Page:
More Confederate Divisions

From An Illustrated History of Ireland by Margaret Anne Cusack

« start... Chapter XXIX. ...continued

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Rinuccini now took a high hand. He entered Kilkenny in state, on the 18th of September, and committed the members of the Supreme Council as prisoners to the Castle, except Darcy and Plunket. A new Council was appointed, or self-appointed, on the 20th, of which the Nuncio was chosen President. The imprisonment of the old Council was undoubtedly a harsh and unwise proceeding, which can scarcely be justified; but the times were such that prompt action was demanded, and the result alone, which could not be foreseen, could justify or condemn it.

The Generals were again at variance; and although the new Council had decided on attacking Dublin, their plans could not be carried out. Preston was unquestionably playing fast and loose; and when the Confederate troops did march towards Dublin, his duplicity ruined the cause which might even then have been gained. A disgraceful retreat was the result. An Assembly was again convened at Kilkenny; the old Council was released; the Generals promised to forget their animosities: but three weeks had been lost in angry discussion; and although the Confederates bound themselves by oath not to lay down their arms until their demands were granted, their position was weakened to a degree which the selfishness of the contending parties made them quite incapable of estimating.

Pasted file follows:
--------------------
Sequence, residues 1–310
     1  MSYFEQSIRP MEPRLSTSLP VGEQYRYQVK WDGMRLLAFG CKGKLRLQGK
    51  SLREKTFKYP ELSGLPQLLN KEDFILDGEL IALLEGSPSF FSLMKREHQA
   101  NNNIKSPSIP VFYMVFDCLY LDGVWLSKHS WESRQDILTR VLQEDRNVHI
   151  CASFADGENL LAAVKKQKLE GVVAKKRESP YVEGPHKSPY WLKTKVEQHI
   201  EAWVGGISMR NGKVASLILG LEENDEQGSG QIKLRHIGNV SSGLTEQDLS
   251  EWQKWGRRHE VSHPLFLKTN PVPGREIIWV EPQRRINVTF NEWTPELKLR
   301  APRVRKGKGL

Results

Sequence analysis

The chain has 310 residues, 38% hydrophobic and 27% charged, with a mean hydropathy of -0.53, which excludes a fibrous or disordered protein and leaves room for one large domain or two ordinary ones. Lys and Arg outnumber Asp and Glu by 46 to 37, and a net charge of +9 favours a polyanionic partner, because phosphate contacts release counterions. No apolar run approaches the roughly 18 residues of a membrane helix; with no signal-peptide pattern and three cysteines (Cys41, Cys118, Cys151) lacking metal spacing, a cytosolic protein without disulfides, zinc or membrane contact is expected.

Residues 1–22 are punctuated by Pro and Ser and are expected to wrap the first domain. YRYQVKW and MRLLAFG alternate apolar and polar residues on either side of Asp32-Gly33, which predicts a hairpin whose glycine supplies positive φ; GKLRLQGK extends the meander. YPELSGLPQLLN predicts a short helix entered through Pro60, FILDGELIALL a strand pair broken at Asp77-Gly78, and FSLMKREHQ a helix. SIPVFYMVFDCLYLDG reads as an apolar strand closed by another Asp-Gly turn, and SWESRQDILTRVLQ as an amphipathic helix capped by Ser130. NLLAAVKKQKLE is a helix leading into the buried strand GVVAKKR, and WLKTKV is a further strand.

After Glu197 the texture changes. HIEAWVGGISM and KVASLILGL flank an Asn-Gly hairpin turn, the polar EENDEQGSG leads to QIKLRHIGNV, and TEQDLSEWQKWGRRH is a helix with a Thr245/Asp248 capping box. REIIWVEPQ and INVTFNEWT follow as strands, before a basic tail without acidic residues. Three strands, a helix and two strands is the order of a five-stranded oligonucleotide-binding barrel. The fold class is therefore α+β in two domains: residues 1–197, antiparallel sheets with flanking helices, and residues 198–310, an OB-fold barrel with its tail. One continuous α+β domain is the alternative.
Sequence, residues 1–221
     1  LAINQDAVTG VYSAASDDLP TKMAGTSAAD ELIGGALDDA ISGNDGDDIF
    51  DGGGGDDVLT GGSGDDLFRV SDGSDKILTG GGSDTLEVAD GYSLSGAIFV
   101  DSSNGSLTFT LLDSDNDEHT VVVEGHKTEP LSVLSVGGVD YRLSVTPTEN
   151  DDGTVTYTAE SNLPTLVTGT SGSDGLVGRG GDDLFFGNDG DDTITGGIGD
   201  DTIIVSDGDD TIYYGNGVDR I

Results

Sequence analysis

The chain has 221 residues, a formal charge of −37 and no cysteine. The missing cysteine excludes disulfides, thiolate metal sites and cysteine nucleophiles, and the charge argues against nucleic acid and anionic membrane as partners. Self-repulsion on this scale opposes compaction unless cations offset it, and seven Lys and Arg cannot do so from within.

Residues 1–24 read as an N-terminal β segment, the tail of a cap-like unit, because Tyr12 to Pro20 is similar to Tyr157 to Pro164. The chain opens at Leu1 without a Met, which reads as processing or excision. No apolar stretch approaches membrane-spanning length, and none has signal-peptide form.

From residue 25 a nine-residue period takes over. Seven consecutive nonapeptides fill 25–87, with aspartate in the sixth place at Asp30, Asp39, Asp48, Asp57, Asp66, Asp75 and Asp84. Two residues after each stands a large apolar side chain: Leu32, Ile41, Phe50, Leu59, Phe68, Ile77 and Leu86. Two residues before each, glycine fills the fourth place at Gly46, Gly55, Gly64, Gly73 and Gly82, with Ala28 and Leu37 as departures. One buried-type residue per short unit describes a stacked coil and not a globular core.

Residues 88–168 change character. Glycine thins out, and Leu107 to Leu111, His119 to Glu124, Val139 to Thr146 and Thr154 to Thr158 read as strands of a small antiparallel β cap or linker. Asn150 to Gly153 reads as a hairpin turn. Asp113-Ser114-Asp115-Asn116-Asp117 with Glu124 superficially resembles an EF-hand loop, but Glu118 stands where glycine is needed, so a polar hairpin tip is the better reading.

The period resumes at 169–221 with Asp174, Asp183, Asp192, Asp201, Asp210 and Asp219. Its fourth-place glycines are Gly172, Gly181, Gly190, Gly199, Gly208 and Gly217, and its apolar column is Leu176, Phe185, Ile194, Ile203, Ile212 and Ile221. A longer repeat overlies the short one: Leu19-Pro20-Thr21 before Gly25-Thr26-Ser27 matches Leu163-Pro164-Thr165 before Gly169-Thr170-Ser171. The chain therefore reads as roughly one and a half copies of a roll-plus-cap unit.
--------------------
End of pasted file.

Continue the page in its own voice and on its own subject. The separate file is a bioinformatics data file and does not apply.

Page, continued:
The fact was, the Puritan faction in England was every day gaining an increase of power; while every hour that the Confederate Catholics wasted in discussion or division, was weakening their moral strength. Even Ormonde found himself a victim to the party who had long made him their tool, and was ordered out of Dublin unceremoniously, and obliged eventually to take refuge in France. Colonel Jones took possession of Dublin Castle for the rebel forces, and defeated Preston in a serious engagement at Dungan Hill, soon after his arrival in Ireland. O'Neill now came to the rescue; and even the Ormondists, having lost their leader, admitted that he was their only resource. His admirable knowledge of military tactics enabled him to drive Jones into Dublin Castle, and keep him there for a time almost in a state of siege.

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